International Launch Services (ILS) have launched their Proton-M rocket on Thursday, on a mission which is marking their first ILS launch since the Russian workhorse returned to flight. Launch was on schedule at 18:32 GMT from the Baikonur Cosmodrome in Kazakhstan, with the Proton tasked with deploying the QuetzSat-1 telecommunications satellite for SES, after what was nine hours of flight.
The Proton booster is 4.1 m (13.5 ft) in diameter along its second and third stages, with a first stage diameter of 7.4 m (24.3 ft). Overall height of the three stages of the Proton booster is 42.3 m (138.8 ft).
The first stage consists of a central tank containing the oxidizer surrounded by six outboard fuel tanks. Each fuel tank also carries one of the six RD-276 engines that provide first stage power. Total first stage vacuum-rated level thrust is 11.0 MN (2,500,000 lbf).
Powered by one RD-0213 engine, the third stage develops thrust of 583 kN (131,000 lbf), and a four-nozzle vernier engine that produces thrust of 31 kN (7,000 lbf). Guidance, navigation, and control of the Proton M during operation of the first three stages is carried out by a triple redundant closed-loop digital avionics system mounted in the Proton’s third stage.
The Breeze-M upper stage is the Phase III variant, a recent upgrade which utilizes two new high-pressure tanks (80 liters) to replace six smaller tanks, along with the relocation of command instruments towards the centre – in order to mitigate shock loads when the additional propellant tank is being jettisoned.
It was a problem with that upper stage which resulted in the loss of the Ekspress-AM4 communications satellite last month – which was not an ILS mission – when the stage, otherwise known as the Briz-M, failed to insert the satellite into the correct transfer orbit due to a problem with the last of the mission profile burns.
A Russian government launch using the Proton-M and Briz-M has since successfully returned the duo to launch action ahead of the ILS mission.
Once again, the mission utilizing a 5-burn Breeze M profile after lift-off from Pad 39 at Baikonur Cosmodrome, Kazakhstan, with the QuetzSat-1 satellite on board.
The first three stages of the Proton used a standard ascent profile to place the orbital unit (Breeze M upper stage and the QuetzSat-1 satellite) into a sub-orbital trajectory. From this point in the mission, the Breeze M performed planned mission maneuvers to advance the orbital unit first to a circular parking orbit, then to an intermediate orbit, followed by a transfer orbit, and finally to a geosynchronous transfer orbit.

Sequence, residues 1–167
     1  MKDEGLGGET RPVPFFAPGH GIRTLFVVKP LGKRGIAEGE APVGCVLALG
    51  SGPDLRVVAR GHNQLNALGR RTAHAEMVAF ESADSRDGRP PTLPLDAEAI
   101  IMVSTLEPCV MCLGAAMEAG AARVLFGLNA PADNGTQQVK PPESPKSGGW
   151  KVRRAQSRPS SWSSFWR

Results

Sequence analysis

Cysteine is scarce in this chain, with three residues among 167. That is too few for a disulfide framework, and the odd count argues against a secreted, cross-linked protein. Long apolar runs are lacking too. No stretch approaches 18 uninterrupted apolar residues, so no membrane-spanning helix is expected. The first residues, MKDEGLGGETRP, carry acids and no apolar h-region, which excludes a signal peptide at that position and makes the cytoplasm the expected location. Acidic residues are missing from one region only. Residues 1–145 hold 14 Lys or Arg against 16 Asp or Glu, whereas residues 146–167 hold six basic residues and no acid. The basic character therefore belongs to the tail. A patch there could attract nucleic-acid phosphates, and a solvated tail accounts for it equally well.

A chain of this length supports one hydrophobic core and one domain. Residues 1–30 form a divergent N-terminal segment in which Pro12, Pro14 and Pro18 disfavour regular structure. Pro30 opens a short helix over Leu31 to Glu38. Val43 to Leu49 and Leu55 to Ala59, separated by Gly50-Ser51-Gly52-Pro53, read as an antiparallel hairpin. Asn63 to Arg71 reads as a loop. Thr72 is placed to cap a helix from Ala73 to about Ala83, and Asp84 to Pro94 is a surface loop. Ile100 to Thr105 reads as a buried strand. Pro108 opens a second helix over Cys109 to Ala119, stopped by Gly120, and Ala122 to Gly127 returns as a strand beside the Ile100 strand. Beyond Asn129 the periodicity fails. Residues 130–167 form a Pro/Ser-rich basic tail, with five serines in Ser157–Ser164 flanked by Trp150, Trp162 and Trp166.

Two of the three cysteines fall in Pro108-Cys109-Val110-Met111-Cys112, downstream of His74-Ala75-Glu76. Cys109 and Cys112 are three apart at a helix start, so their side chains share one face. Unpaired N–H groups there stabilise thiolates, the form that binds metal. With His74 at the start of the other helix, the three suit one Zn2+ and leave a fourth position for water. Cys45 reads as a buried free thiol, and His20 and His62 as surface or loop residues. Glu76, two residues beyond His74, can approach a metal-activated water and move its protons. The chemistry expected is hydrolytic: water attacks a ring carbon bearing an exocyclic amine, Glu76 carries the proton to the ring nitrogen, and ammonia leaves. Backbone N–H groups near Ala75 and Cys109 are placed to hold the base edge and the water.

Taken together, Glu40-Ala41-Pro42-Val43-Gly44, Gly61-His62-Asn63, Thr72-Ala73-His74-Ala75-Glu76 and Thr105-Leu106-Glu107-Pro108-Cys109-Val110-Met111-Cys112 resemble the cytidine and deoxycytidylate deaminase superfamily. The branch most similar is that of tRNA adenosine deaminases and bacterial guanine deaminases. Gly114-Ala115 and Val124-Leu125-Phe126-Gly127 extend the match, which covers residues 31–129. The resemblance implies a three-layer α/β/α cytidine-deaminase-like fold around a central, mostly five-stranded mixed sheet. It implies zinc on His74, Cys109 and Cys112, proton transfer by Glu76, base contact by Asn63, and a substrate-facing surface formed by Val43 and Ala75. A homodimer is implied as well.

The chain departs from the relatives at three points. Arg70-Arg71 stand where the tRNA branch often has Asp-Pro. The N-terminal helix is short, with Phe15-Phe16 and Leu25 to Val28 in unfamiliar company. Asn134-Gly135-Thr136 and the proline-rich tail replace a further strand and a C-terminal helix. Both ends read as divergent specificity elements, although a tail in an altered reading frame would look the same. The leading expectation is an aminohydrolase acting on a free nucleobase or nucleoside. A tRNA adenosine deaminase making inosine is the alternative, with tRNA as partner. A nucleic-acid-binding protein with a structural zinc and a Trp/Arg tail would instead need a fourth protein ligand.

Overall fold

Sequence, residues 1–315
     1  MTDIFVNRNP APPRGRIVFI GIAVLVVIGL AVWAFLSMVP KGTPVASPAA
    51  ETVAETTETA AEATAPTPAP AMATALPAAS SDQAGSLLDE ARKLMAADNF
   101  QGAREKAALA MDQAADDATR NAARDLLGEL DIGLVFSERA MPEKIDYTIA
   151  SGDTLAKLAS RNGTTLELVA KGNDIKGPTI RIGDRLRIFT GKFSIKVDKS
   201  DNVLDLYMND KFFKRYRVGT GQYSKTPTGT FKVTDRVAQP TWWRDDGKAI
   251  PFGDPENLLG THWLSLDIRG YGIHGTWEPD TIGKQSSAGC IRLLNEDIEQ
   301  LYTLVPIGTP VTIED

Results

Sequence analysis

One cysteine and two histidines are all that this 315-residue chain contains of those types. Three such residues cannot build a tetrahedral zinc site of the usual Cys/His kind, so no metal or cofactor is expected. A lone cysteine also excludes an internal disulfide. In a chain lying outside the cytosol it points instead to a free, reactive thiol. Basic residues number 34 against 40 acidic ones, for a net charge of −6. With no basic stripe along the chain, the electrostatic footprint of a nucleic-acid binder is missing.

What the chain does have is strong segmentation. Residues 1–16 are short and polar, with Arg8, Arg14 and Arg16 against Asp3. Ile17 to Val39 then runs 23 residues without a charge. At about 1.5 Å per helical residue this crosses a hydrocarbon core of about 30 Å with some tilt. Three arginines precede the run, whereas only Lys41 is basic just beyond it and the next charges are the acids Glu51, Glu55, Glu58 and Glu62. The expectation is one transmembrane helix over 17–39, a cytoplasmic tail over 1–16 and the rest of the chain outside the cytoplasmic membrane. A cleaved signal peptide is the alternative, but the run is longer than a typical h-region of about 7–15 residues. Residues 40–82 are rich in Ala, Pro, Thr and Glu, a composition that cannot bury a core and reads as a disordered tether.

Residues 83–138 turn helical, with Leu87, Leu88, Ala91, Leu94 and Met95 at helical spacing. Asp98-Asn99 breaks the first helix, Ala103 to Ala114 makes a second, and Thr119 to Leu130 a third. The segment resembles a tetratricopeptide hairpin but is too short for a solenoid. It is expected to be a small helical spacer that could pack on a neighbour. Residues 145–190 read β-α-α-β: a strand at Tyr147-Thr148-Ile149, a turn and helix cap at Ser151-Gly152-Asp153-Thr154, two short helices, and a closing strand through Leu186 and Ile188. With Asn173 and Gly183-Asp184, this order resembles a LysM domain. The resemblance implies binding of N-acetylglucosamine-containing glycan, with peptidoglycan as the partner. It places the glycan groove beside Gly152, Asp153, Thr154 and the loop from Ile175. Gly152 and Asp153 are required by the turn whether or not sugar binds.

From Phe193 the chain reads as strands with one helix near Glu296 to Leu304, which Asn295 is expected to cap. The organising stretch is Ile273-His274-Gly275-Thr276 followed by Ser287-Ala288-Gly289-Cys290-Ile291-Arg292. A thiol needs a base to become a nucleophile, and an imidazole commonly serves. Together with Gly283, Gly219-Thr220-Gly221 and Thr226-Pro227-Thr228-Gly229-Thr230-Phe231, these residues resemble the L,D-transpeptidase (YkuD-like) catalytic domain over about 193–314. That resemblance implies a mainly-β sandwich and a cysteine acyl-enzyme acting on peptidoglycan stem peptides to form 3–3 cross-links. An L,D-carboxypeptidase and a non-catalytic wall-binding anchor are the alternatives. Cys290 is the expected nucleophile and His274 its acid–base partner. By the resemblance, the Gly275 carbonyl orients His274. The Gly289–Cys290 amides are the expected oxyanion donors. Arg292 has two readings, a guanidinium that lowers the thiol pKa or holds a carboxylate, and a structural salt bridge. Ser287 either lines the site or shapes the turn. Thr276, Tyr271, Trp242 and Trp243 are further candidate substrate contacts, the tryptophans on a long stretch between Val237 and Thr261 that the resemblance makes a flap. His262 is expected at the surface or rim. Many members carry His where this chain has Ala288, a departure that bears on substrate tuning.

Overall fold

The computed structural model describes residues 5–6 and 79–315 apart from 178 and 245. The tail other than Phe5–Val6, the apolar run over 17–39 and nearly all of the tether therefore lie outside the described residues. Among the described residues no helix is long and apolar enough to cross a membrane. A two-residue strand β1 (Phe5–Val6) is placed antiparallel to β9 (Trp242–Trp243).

Separation of the QuetzSat-1 satellite was successful and on schedule, approximately 9 hours, 13 minutes after liftoff.
QuetzSat-1, part of the 45+ satellite fleet of SES, will be located at the 77 degree west orbital location at which the Mexican Government has granted the DTH frequency rights to QuetzSat S. de R.L. de C.V., a Mexican-controlled company comprised of SES and Mexican investors.
The spacecraft will provide coverage over Mexico, North America and Central America. The spacecraft is fully contracted to EchoStar Corporation and will be used in part by Dish Mexico, an EchoStar joint venture, for DTH services in Mexico and to a subsidiary of DISH Network for use in connection with its U.S. DTH business.
Sporting 32 Ku-band transponders, the spacecraft is expected to conduct a 15 year tour of duty in its Geostationary orbit at 77 degrees West.
“ILS is dedicated to the success of SES and its customer, EchoStar, with the selection of ILS Proton to launch QuetzSat-1,” said Frank McKenna, President of ILS. “This is the fourth SES satellite entrusted to ILS this year, and we look forward to providing outstanding quality, service and schedule assurance to support the continued growth of the SES satellite fleet.”
“We are pleased that ILS is partnering with SES, Space Systems/Loral and EchoStar in the QuetzSat-1 mission and look forward to a flawless, on-time and on-spec launch for QuetzSat-1 with ILS Proton,” added Martin Halliwell, President of SES ENGINEERING, the procurement and operations division of SES.
The launch was the third ILS Proton launch in 2011, the 67th ILS Proton launch overall. The mission was also the 19th SES bird to be launched on an ILS Proton.
(Images: Roscosmos, ILS)